Hepatitis C is transmitted primarily by exposure to blood containing the hepatitis C virus. Current research suggests that if you're in a long-term, monogamous relationship with a partner who has hepatitis C, your risk of contracting hepatitis C is quite low — unless you also have human immunodeficiency virus (HIV).
For monogamous couples, the Centers for Disease Control and Prevention (CDC) doesn't recommend routine condom use to prevent hepatitis C transmission. But couples should avoid sharing razors, toothbrushes and nail clippers, and should also avoid having intercourse during menstruation.
Your risk of contracting hepatitis C increases significantly if you have HIV. Also, the risk of transmission is higher if you have multiple short-term sexual relationships with partners who have hepatitis C. Under these circumstances, the CDC recommends routine condom use to reduce your risk of transmission.
If you're concerned about hepatitis C, talk to your doctor. Hepatitis C can be diagnosed by a simple blood test. Treatment may include medications to help clear the virus from the bloodstream and ultimately cure you of hepatitis C.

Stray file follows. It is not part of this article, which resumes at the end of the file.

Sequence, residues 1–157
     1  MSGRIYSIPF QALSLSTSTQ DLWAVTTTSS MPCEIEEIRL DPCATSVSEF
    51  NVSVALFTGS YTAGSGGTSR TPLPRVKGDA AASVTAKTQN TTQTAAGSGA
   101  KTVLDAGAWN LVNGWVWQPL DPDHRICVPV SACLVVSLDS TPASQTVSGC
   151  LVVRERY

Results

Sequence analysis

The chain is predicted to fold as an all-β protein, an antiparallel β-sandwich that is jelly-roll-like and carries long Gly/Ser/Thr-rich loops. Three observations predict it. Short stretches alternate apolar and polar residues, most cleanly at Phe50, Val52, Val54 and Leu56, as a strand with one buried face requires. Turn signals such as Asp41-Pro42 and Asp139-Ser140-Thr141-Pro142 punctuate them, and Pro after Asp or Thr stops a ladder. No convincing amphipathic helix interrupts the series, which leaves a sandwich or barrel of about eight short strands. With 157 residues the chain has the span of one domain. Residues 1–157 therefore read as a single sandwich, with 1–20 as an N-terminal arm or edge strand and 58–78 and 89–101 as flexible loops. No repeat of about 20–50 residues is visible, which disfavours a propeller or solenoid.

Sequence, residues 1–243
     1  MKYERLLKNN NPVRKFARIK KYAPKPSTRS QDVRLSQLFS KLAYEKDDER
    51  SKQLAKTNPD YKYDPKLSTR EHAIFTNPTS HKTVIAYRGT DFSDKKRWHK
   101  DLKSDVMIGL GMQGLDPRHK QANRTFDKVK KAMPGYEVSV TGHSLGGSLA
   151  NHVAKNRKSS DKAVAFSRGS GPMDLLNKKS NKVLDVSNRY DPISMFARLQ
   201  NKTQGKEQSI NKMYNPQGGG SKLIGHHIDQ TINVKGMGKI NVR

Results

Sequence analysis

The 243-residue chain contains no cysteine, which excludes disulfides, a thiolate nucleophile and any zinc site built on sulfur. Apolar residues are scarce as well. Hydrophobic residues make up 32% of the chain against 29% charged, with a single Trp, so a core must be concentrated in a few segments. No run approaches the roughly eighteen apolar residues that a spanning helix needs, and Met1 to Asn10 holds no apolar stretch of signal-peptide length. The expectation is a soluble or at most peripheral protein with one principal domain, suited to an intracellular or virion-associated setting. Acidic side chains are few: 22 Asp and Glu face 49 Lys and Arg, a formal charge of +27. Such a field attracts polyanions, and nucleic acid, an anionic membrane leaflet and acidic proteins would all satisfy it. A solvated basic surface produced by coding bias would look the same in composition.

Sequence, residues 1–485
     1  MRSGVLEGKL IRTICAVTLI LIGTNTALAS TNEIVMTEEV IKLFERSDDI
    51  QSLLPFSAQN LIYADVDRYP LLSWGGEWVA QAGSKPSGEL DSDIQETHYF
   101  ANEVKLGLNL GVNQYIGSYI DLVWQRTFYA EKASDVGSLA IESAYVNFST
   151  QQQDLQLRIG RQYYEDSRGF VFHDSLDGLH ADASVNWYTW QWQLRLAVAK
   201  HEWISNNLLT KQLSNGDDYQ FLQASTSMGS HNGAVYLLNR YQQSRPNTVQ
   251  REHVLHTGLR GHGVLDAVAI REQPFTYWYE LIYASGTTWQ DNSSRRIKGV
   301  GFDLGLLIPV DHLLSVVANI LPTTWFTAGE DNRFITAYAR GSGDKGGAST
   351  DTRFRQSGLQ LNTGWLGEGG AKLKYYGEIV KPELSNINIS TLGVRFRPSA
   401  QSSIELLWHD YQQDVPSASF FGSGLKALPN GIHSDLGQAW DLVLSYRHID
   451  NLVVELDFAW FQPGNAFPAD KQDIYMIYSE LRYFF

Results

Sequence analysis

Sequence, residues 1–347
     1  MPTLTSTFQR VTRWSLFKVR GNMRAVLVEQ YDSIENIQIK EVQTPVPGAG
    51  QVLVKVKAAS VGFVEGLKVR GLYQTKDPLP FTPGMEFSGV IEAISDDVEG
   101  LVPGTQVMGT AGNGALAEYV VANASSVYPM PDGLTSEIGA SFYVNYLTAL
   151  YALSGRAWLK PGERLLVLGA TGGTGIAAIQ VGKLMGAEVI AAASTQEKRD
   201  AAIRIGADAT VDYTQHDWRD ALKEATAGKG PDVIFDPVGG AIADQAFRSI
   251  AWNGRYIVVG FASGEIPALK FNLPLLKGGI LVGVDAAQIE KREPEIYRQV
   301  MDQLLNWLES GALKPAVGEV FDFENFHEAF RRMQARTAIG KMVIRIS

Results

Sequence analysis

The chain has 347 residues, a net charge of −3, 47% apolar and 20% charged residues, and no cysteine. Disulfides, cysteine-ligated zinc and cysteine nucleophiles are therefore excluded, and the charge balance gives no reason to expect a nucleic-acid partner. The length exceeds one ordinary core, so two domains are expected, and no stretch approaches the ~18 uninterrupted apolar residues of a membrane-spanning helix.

Jan. 25, 2018
See more Expert Answers
- Hepatitis C FAQs for health professionals. Centers for Disease Control and Prevention. http://www.cdc.gov/hepatitis/HCV/HCVfaq.htm. Accessed Nov. 2, 2017.
- Bennett JE, et al, eds. Hepatitis C. In: Mandell, Douglas, and Bennett's Principles and Practice of Infectious Diseases. 8th ed. Philadelphia, P.A.: Saunders Elsevier; 2015. https://www.clinicalkey.com. Accessed Nov. 2, 2017.
- Emerging issues, hepatitis C: Sexually transmitted diseases treatment guidelines, 2015. Centers for Disease Control and Prevention. https://www.cdc.gov/std/tg2015/emerging.htm. Accessed Nov. 2, 2017.